People are now comfortable with algorithms managing their money, but what about the collective intelligence of thousands of internet strangers? That’s what Mike Roberts, a 26-year-old software engineer for Amazon, is trying to figure out with StockStream, a game broadcast on Twitch that lets anonymous people vote on how Roberts should invest his personal $50,000 brokerage account. Roberts coded the game himself; every five minutes it takes votes (which literally anyone can cast) and either buys or sells a stock. Everything happens automatically using the online brokerage, Robinhood. After its first week and hundreds of thousands of votes, including some trolls intentionally trying to derail the project, Roberts’ account added more than $700 in value, the Wall Street Journal reported.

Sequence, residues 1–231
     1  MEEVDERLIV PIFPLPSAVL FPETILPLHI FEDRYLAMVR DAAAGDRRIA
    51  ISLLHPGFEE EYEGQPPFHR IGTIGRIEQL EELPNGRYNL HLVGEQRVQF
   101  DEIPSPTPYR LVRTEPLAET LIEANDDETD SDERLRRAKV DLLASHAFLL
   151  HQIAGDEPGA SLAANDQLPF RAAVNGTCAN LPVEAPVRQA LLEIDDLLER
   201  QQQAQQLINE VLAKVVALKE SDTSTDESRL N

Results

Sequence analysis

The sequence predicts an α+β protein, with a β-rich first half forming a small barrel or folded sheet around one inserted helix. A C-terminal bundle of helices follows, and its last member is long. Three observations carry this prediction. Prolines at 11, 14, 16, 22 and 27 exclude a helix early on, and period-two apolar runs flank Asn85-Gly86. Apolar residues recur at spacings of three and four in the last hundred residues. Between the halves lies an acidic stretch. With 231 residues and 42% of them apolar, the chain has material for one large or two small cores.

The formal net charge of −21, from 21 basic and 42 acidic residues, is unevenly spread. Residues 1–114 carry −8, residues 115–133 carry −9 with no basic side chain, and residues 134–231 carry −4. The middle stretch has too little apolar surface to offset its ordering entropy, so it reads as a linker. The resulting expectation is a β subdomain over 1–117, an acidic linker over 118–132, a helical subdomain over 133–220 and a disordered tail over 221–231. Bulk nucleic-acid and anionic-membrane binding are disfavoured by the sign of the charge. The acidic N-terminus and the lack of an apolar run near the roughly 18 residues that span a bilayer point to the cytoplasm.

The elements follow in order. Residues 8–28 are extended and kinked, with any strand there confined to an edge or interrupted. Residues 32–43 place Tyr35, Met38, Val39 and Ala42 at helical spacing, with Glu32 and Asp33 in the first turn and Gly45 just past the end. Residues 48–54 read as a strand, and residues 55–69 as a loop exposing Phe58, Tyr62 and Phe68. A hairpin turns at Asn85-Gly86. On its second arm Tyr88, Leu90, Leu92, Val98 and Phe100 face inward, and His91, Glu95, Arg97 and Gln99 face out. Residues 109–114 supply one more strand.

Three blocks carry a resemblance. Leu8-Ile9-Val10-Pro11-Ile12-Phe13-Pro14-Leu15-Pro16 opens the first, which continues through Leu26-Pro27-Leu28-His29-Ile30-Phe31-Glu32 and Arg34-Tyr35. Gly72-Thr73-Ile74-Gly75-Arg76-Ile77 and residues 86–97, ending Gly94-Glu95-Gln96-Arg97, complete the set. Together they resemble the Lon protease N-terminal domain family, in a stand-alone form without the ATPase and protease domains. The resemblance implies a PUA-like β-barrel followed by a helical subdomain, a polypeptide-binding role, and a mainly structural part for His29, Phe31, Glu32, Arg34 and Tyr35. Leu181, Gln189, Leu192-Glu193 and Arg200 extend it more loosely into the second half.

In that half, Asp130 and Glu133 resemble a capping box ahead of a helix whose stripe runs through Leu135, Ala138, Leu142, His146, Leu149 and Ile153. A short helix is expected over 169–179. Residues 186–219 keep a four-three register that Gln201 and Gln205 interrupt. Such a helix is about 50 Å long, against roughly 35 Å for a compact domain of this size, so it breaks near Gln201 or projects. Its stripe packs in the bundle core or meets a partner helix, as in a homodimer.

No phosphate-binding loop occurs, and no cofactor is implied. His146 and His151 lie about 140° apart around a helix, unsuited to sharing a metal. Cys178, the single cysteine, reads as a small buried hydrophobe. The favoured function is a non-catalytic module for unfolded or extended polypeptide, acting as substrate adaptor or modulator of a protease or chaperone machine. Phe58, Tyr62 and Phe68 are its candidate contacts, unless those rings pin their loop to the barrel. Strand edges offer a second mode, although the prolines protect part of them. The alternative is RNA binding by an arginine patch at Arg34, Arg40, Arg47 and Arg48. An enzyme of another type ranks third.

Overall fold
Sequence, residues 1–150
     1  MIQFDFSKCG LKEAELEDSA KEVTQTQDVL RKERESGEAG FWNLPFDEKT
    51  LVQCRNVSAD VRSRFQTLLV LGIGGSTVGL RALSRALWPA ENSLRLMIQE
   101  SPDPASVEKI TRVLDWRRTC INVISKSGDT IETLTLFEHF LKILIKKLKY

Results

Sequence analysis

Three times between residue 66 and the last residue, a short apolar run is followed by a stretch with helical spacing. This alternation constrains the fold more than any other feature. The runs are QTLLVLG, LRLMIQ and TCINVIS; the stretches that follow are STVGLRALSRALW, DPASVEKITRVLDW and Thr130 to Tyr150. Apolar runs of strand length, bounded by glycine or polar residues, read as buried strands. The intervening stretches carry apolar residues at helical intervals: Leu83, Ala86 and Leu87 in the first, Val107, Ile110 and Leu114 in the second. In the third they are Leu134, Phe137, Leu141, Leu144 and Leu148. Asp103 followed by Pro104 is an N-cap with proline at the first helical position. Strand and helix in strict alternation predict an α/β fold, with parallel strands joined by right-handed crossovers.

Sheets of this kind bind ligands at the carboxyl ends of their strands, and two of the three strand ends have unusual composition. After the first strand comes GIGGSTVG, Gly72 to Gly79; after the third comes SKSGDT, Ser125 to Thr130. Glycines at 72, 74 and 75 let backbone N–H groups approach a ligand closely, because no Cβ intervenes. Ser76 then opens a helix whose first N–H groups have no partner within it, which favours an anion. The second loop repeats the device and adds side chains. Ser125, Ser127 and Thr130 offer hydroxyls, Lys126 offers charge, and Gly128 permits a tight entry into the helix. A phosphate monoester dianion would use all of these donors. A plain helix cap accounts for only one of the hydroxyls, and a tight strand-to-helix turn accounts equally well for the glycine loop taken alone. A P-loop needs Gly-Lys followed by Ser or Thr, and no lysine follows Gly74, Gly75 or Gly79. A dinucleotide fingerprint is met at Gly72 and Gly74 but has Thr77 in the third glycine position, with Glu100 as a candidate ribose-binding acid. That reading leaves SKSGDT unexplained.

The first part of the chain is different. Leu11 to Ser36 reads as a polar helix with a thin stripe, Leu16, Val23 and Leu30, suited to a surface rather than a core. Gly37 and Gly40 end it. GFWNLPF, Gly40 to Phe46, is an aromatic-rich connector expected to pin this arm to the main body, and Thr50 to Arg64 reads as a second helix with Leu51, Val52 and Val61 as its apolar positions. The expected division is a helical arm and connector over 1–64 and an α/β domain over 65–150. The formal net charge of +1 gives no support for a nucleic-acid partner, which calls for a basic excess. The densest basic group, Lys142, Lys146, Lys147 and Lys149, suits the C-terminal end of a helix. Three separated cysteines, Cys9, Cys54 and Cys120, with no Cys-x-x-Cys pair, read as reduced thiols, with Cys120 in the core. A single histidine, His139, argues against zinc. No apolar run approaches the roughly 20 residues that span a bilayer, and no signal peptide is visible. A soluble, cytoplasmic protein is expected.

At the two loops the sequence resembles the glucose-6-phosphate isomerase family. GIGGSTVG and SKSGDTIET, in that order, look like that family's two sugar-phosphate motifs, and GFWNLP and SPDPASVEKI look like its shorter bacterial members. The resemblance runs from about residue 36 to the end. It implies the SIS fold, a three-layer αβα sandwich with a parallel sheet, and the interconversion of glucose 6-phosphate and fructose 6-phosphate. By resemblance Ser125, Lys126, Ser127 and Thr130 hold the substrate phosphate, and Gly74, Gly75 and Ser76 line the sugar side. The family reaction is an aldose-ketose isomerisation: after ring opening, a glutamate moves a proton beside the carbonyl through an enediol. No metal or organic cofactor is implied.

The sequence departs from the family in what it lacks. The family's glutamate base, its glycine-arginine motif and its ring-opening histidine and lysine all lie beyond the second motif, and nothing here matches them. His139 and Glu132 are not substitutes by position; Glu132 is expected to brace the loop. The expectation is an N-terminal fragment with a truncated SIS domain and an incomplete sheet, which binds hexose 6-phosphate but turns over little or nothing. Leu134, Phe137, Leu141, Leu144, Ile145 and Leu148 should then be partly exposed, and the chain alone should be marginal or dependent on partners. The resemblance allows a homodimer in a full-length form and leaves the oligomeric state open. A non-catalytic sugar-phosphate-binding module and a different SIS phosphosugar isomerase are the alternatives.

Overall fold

More companies are considering including financial wellness programs in their benefits packages to encourage higher utilization of employer-sponsored savings and investment programs and productivity gains from a reduction of financial-related stress. Out of companies surveyed, only 38 percent already offer financial wellness education (compared to more than 90 percent that offered a 401(K) program). But 14 percent of companies are considering financial wellness programs, according to a recent Charles Schwab white paper.
Portland, Ore.-based Umpqua Bank has named Kent Grubaugh head of its wealth management division, Bank Investment Consultant reports. Grubaugh, who comes from City National Bank, will be in charge of overseeing and expanding Umpqua's private banking and investment management services to high-net-worth clients, professional services firms and nonprofits. He follows Kelly Jonson, who set up Umpqua's wealth management division in 2009 and left in 2014 after the acquisition of Sterling Financial. Umpqua has 350 locations in Idaho, Washington, Oregon, California and Northern Nevada.